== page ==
from Brittney Windatt
The month of May brought a 1.6 percent increase in total employment over the previous 12 months, causing unemployment to drop 0.2 percent to 7.4 percent. But a closer look paints a less optimistic picture: The increase in employment for the month of May was driven largely by a decline in the number of people looking for work and by more people becoming self-employed. Private sector jobs growth remains weak.
Continue reading Canadian Unemployment Rate Declines in May Mask Job Market Weakness
March 2011 was largely dominated by bad news for the economy: Most notably the earthquake and tsunami in Japan and the deepening of the Libyan conflict. The disaster in Japan hit Canada’s local economy by disrupting the supply chains of local manufacturers. In Ontario, the impact on the automotive sector was particularly severe. The Honda plant in Alliston, for example, cut production by more than 50% indefinitely, apparently because the Japanese disaster made it impossible for it to source electrical parts that go into vehicles it assembles. The Libyan crisis also lead to some (potential as well as real) disruptions in the oil supply. Employers typically respond to such signs of uncertainty by placing hiring decision on the backburner until the future becomes more clear (and brighter). So it was quite refreshing to see that Canada’s job market did actually quite well in March.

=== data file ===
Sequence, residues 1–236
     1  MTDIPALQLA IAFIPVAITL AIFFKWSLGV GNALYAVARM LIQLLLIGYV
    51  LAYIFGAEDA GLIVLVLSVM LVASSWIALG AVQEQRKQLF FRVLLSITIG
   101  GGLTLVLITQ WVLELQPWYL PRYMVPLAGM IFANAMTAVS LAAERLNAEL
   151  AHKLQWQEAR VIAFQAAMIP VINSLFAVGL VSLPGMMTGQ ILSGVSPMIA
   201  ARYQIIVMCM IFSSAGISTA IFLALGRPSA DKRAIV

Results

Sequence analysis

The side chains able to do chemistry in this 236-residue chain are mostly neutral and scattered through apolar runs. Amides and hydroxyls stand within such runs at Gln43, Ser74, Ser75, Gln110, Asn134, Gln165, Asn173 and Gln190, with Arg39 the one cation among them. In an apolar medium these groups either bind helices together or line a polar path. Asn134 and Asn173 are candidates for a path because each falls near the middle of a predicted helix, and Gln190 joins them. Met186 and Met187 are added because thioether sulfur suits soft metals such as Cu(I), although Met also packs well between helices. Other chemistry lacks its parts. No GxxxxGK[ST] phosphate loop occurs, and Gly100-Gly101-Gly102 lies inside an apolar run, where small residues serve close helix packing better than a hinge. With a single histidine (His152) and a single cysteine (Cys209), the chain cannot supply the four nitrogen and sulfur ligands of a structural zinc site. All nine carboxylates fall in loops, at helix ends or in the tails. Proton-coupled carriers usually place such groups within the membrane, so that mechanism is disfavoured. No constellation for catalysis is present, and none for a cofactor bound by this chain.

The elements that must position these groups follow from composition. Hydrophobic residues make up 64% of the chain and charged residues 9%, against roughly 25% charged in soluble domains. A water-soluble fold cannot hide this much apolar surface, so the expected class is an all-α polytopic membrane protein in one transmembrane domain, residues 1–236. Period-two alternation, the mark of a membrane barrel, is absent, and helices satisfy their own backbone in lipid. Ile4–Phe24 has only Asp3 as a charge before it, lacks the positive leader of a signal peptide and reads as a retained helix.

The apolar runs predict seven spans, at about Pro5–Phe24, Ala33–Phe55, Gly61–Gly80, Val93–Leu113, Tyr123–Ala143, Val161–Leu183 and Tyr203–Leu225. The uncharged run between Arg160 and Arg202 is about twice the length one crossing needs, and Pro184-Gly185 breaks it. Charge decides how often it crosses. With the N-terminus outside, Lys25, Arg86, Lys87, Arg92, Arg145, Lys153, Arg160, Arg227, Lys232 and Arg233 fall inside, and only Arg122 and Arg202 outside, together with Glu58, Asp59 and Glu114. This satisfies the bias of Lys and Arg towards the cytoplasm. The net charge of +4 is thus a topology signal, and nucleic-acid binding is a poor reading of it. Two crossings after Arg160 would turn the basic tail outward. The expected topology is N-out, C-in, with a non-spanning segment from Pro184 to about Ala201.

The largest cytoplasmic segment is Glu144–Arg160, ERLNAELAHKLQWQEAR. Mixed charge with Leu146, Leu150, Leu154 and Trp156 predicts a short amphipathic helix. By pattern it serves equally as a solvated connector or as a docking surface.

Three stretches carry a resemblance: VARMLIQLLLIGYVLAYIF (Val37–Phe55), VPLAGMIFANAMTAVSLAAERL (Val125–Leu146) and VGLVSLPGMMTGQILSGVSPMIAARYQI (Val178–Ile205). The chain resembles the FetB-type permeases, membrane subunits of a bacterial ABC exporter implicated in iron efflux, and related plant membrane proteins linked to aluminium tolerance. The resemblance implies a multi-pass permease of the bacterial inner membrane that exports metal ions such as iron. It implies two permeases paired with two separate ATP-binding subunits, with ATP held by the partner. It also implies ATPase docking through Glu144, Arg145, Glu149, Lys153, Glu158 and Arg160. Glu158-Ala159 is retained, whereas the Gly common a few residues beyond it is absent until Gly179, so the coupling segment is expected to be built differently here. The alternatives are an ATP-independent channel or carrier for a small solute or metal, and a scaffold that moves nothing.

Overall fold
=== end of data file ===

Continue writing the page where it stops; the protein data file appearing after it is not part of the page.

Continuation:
Continue reading Canadian Job Market Showed Good Overall Performance in March 2011
Statistics Canada’s monthly job market survey for February 2011 was released on Friday, March 11th and paints a bleak picture. February saw employment gains of some 15,000 jobs, but these came on the heals of self-employed increasing by 26,000 jobs. This is hardly encouraging because many people pursue self-employment simply because they cannot find jobs – but the income that they generate tends to often be less than what they would expect to make if they were employed. This means that actual employment dropped by 11,000. The number of private sector workers declined. Continue reading Canada’s Job Market Remained Weak in February
According to a report released by Statistics Canada recently, 681,400 people were receiving regular Employment Insurance benefits in March 2009, up by 65,300 or 10.6% from the previous month. The strongest percent increases occurred in Alberta and British Columbia, but this to some extent is due to the fact that these provinces had low unemployment rates compared to other parts of the country at the beginning of the recession – so now they seem bound to catch up with the rest of the country. Continue reading March Saw Sharpest Increase in Number of EI Recepients Since Recession Began